Anthony regularly made investments toward his family's future before the pandemic. Now, he's concerned about how those investments will fare down the road.
Before the pandemic, Anthony invested whatever money remained after he paid his monthly expenses. The funds would be helpful as he and his fiancee raised their daughter on only one income. Now he's hoping those investments will be intact when the economic and health crisis is over.
"I know people that have lost close to $100,000 or more in 401(k)s or different investments," he says. "For me, I'm always worried about what the long term is going to be, especially how any downturns could affect our current kind of picture."
Anthony works in public service and is his family's primary earner. His fiancee decided to leave her corporate management position about a year ago to care for their infant daughter full-time. The decision was a risk, since her salary was higher than his.
"We were anxious early on about what our financial climate would be, especially having a newborn on a one-person income," he says.
Anthony doesn't shy away from financial risk. He's taken on $250,000 in student loan debt to fund his bachelor's degree and MBA programs. He took out a substantial home loan to buy a house, his first, in Congress Heights last year.
After consolidating his student loans and entering the Public Service Loan Forgiveness program, his monthly payments are down from $5,200 to $250, and he's logging time toward potential debt forgiveness. Financial independence is one of his priorities.
"If there's a young person that has financial constraints on them ... has people telling them they can't do certain things or they'll never be able to own a home, or they'll never be able to move past or get from under the heavy weight of their loans, don't listen," Anthony says. "If laying a foundation for financial freedom is something of interest, there are avenues and there are ways to get it done."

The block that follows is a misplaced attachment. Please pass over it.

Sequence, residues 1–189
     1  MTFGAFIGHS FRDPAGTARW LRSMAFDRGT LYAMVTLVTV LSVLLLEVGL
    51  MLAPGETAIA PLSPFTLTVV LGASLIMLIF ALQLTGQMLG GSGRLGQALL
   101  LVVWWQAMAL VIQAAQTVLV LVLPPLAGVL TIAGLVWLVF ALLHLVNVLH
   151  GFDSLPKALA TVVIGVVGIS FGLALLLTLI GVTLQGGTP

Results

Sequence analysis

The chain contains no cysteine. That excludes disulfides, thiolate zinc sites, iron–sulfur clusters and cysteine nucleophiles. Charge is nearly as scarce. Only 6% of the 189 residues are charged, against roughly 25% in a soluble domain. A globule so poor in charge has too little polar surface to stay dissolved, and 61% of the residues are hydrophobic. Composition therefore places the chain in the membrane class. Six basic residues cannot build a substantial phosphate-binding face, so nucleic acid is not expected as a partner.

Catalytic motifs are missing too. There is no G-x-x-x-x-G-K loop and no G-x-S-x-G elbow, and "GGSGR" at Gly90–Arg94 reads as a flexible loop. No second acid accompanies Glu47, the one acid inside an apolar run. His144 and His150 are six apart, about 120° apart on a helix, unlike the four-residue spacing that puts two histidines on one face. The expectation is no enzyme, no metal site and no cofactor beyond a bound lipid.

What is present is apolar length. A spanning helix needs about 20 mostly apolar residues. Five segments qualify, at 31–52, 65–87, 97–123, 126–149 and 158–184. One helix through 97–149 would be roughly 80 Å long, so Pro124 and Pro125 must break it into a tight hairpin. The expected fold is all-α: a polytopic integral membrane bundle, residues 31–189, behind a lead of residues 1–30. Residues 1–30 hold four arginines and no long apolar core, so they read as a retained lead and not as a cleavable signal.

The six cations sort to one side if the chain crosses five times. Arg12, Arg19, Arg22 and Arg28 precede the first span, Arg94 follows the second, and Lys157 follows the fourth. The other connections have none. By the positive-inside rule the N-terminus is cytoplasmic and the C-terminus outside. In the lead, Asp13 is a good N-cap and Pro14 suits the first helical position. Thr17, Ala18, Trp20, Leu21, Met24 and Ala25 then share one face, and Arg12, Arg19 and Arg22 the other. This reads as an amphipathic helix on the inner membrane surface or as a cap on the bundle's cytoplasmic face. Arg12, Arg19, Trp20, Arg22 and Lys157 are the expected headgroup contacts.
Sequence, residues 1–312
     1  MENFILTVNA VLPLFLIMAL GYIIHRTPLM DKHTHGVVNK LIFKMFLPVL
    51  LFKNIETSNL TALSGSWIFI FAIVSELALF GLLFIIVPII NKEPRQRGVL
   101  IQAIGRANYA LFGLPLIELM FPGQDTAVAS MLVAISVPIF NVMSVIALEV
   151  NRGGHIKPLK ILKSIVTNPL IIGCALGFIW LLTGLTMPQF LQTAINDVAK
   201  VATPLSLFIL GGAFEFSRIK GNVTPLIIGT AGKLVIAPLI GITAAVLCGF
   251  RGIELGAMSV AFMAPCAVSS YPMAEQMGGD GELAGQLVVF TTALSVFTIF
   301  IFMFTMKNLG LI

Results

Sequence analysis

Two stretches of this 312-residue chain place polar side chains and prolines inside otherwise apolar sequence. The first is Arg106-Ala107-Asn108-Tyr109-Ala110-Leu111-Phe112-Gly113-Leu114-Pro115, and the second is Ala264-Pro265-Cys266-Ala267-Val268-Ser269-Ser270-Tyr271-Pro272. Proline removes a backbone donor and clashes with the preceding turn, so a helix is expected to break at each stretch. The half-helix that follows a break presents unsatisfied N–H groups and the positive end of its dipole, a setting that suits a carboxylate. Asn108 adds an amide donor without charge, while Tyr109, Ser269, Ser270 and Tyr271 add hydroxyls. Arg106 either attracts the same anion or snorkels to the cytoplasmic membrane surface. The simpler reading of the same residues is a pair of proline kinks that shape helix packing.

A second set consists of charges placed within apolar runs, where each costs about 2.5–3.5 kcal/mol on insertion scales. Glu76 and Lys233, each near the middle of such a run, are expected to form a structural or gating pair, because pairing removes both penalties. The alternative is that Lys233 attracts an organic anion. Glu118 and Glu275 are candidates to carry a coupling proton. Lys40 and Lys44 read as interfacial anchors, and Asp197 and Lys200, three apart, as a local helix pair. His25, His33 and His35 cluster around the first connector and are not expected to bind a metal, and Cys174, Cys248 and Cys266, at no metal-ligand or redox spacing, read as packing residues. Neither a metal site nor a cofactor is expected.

Before the pandemic, he regularly invested any extra income.
"I will take the money and use it to support a business opportunity. Or take the money and buy additional stock options," he said during our first interview. "Any form of investment so that I can increase those funds with a higher yield, as opposed to letting it sit in an account."
When we first spoke, in early March, Anthony said he was "grateful" for the financial lessons he'd learned over the years.
"Take on a lot of risk when you're young," Anthony said. "Invest early and often so that you can sit back with your feet kicked up. That's my plan."
That plan has been thrown into jeopardy by the economic crisis. Anthony's investments have already taken hits, including a $60,000 loss to his own 401(k). He's had to make financial adjustments in the interim and applied for refinancing that could reduce his mortgage payment.
"We definitely took some losses where reserve funds have been used just simply because we didn't have the investments to count on," Anthony says.
For the time being, Anthony says he won't be able to add to his investments.
"Since we entered the recession, there's no space for anything but basic survival," he says.
Some of Anthony's friends and family members have lost income during the pandemic. Others have even lost loved ones. Anthony says he's doing his best to support them.
As he looks to the future, Anthony says it's crucial to show this kind of support for family, friends and community members.
A couple of years ago, Anthony invested in his brother's new barbershop in North Carolina. As his sibling struggled to stabilize the business amid coronavirus-related closings, Anthony helped him sort out small-business relief options.
"There's one thing that remains true through all of this," Anthony says. "Preparing for retirement or setting the people up that you love most is extremely important. And it's never too soon or too late to do it."